It is entirely possible that, when historians of the future look back, they will declare unequivocally that the year 2017 was the most important year in human history, the year when everything, and everyone, changed – and on the whole, for the better.
Of course today it is too soon to make that pronouncement, but it suddenly makes sense – a very possible reality rather than a dream. We will know by then that 2017 was the year in which women became willing and able to trust, help, and like other women. From that visceral change sprang all the other changes. Continue reading
I wish I could feel triumphant at the Outing of the Pervs. But I fear the law of unintended consequences: the overturning of one important signifier of male prerogative will surely bring with it some backlash. And I notice that, although the scandal has been percolating for over a month, nothing really has changed, aside from the firing of a few of the more prominent offenders. Again, this is gratifying, but barely counts as even the tip of the iceberg.
On a recent PBS NewsHour, Rebecca Traister raised a relevant concern: since the offenders have been male, and attention along with sympathy naturally focuses on males, most of the media discussion of the problem of sexual harassment has focused on the perps, not their victims. This is unusual in crime stories: usually in a lurid case, media attention fixates on the victim, especially if female: her beauty, her virtue, her accomplishments. But discussions of sexual harassers focus on the men and their prominence, as well of course as their peculiar behaviors. So, Traister suggests, it may be only a short time before the objects of our attention become the objects of our sympathy – the poor guys, they couldn’t help it, it wasn’t so bad after all, was it, the women were asking for it… all the usuals. I hope not, but our society is not used to seeing males as blameworthy, and along with Traister I wonder how long we can keep it up. Our President is leading the way in his exculpation of Roy Moore: “He has denied everything.” (And since when does a “not guilty” plea equal a verdict of innocence?)
Trump’s evasions on Moore are more astonishing since, when asked about Weinstein, who has similarly denied engaging in nonconsensual sexual activity, Trump responded, “I’m not surprised,” which conversationally implicates, “He’s guilty.” Continue reading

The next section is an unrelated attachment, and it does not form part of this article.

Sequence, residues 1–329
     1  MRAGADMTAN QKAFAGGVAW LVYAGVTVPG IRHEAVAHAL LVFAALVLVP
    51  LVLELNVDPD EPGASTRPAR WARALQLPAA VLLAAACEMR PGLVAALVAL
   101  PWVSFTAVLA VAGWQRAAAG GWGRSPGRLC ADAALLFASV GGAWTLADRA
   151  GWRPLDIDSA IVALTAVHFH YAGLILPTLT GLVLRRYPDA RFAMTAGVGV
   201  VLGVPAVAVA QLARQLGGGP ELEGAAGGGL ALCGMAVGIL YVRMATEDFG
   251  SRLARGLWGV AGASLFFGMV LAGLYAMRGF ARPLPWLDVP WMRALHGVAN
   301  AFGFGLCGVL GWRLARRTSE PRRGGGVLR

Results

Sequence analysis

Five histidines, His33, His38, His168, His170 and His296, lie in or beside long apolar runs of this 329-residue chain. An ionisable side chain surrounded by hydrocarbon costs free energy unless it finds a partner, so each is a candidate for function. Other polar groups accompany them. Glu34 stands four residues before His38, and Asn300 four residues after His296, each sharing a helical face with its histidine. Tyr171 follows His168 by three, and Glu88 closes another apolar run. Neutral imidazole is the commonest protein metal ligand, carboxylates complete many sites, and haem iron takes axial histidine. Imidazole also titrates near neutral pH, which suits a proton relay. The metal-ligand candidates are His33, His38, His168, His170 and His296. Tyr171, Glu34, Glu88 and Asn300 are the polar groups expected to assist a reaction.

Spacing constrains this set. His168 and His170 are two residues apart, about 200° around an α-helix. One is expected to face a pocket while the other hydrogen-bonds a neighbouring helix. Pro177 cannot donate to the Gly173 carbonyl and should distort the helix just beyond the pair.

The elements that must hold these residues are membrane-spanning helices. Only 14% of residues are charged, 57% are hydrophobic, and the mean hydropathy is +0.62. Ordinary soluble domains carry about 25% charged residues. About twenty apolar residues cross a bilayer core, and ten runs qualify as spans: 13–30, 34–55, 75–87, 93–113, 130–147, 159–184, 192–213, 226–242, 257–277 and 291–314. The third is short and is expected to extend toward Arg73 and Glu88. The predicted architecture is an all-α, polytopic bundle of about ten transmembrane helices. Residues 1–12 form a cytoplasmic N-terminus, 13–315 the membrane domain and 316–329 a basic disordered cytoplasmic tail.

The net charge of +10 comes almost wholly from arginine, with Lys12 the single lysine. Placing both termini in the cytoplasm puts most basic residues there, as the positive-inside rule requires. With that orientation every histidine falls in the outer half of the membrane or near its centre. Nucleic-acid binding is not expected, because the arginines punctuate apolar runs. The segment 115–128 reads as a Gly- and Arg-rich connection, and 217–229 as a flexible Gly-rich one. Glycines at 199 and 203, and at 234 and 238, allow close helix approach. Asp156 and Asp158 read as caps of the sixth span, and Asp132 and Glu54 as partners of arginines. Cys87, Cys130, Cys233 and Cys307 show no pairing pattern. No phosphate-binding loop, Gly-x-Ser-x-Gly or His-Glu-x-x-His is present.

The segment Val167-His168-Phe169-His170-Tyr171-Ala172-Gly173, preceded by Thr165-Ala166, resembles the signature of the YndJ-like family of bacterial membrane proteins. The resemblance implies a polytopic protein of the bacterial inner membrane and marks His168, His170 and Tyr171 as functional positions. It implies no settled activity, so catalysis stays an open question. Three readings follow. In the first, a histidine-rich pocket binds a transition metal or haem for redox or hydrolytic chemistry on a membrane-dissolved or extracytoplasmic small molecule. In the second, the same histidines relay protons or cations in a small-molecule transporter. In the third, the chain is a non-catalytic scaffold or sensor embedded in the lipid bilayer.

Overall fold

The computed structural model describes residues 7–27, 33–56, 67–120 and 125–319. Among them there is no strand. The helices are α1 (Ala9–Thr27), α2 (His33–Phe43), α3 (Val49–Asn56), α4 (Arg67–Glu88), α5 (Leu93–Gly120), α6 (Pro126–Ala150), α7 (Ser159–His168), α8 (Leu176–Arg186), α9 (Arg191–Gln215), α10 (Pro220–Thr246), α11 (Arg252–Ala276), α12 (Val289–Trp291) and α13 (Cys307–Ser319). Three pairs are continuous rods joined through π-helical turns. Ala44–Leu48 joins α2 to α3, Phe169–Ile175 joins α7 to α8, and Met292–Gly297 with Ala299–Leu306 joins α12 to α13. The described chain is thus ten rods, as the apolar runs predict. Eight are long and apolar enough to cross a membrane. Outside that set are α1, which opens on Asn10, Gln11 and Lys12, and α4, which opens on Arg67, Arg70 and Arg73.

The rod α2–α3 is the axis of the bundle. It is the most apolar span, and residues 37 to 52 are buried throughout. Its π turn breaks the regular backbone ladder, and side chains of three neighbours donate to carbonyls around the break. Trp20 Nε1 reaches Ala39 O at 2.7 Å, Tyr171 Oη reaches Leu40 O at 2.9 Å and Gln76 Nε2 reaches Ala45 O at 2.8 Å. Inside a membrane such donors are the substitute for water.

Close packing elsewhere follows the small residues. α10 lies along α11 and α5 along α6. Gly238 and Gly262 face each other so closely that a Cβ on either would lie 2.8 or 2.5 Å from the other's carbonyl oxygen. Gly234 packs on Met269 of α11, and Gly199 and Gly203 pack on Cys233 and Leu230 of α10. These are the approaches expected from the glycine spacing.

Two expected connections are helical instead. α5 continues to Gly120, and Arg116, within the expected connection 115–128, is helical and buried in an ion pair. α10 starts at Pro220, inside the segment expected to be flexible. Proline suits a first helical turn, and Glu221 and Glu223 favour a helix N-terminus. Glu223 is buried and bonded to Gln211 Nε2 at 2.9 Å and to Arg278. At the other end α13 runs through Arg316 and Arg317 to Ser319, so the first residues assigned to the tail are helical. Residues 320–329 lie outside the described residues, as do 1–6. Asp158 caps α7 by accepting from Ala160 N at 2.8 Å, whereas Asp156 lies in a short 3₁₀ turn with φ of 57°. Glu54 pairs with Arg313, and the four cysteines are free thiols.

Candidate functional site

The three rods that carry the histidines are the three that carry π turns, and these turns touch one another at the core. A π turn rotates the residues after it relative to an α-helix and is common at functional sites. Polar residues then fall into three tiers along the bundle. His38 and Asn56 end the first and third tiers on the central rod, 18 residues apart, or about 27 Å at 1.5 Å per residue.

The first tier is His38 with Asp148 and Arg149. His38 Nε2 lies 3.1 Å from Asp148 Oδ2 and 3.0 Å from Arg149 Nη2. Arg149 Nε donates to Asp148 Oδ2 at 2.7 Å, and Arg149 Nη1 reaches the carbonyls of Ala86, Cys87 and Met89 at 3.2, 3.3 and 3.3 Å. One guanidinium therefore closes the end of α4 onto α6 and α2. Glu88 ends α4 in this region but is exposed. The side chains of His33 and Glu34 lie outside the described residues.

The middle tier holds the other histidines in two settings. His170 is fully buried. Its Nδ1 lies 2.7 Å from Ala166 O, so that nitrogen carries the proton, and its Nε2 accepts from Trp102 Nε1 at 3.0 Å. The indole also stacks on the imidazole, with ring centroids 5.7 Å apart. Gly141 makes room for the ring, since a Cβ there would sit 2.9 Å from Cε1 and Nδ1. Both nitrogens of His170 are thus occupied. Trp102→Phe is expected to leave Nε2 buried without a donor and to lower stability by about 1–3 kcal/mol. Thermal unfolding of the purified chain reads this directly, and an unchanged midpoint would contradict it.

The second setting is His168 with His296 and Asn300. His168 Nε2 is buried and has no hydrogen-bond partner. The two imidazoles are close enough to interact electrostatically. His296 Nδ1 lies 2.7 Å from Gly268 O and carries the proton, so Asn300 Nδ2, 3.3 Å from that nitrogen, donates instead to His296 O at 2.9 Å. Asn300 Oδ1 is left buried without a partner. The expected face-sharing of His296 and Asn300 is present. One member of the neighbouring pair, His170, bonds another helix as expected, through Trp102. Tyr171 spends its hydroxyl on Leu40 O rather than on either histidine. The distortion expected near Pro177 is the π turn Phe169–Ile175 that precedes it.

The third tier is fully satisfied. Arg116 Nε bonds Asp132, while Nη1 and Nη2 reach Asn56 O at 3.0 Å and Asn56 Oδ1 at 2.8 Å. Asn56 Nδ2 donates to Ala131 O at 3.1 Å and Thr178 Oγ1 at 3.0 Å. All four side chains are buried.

In recent years, America has become an anomalous society, bereft of many of the social rules, explicit and especially implicit, that previously we lived by. That may sound good – liberating and innovative, free of the burdensome constraints that plagued our ancestors and slowed progress. But too much of a good thing is not always wonderful, and on occasion freedom is just another word for nothing left to lose. The loss of our system of culturally based rules may even be responsible for part of the fix we are in.
The rules I am talking about here are not the explicit ones we recite to our children: Say Thank you. Put away your toys. Don’t make fun of other people. The rules I am talking about are the ones most adults used to figure out by themselves in the course of arriving at maturity, implicit assumptions about how to be human, how to be a person of gender, how to manage work, friendships, and intimacy, and many more. A great many of these are currently gone or contested. Continue reading
Last week, for reasons that remain unclear to me, Charlie Rose celebrated a Bannonfest: the Steve-‘n’-Charlie show ran from a brief teaser on his previous Friday show, to two segments of “60 Minutes” on Sunday, to the full hour of his Monday interview, to 15-20 minute segments over the remainder of that week. Though my appetite for Bannonalia barely achieves anorexia, I did catch the teaser, the “60 Minutes” gig, and a bit of the Monday interview, at which point nausea forced me into reruns of “Ancient Aliens” on the History Channel.
To be truthful, I don’t recall very much of the Bannonade (senescence has its rewards). Rose, and many of the media savants (along with Steve himself) apparently consider Bannon the Trump Administration’s ranking intellectual (not too much competition).
But one brief moment, I think from the Monday segment, sticks in my mind, not to say craw. Rose was questioning Bannon about Trump’s misogyny, and brought up the infamous “Access Hollywood” tape. Bannon smirked that it was “only locker-room banter.” “Locker-room banter?” said Charlie, and Bannon reiterated it. Rose thereupon dropped the topic, no doubt with a sigh of relief: His job was done, his duty to the ladies completed. Continue reading